Predictable climate dynamics of abnormal East Asian winter monsoon: once-in-a-century snowstorms in 2007/2008 winter
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- Wu, Z., Li, J., Jiang, Z. et al. Clim Dyn (2011) 37: 1661. doi:10.1007/s00382-010-0938-4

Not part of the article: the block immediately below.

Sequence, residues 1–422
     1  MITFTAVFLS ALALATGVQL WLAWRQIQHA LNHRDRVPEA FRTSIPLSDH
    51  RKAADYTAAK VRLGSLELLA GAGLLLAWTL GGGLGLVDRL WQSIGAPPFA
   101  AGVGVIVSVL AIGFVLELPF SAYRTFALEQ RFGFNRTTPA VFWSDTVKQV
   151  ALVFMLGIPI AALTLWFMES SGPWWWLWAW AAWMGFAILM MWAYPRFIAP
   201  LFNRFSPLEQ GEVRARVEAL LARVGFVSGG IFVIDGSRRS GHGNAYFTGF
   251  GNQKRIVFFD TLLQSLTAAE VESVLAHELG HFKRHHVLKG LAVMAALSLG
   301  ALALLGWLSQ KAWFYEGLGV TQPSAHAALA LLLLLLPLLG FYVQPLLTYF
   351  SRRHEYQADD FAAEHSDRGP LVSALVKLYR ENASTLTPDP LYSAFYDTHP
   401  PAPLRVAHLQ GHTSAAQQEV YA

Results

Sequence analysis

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In 2008 (January–February), East Asia (EA) experiences the most severe and long-persisting snowstorm in the past 100 years. Results in this study show that 2007/2008 winter is dominant by the third principal mode of the East Asian winter monsoon (EAWM) which explains 8.7% of the total surface air temperature variance over EA. Significantly distinguished from the first two leading modes, the third mode positive phase features an increased surface pressure over the northwestern EA, an enhanced central Siberian high (CSH), a strengthened and northwestward extended western Pacific subtropical high (WPSH) and anomalously strong moisture transport from western Pacific, Arabian Sea and Bay of Bengal to EA. It also exhibits an intimate linkage with the sea surface temperature anomalies (SSTAs) in the Arctic Ocean areas adjacent to northern Eurasian continent, central North Pacific and northeastern Pacific. Such SSTAs emerge in prior autumn and persist through ensuing winter, signifying precursory conditions for the anomalous third EAWM mode. Numerical experiments with a simple general circulation model demonstrate that the Arctic SSTAs excite geo-potential height anomalies over northern Eurasian continent and impacts on the CSH, while the extra-tropical Pacific SSTAs deform the WPSH. Co-effects of them play crucial roles on origins of the third EAWM mode. Based on these results, an empirical model is established to predict the third mode of the EAWM. Hindcast is performed for the 1957–2008 period, which shows a quite realistic prediction skill in general and good prediction ability in the extreme phase of the third mode of the EAWM such as 2007/2008 winter. Since all these predictors can be readily monitored in real time, this empirical model provides a real time forecast tool and may facilitate the seasonal prediction of high-impact weather associated with the abnormal EAWM.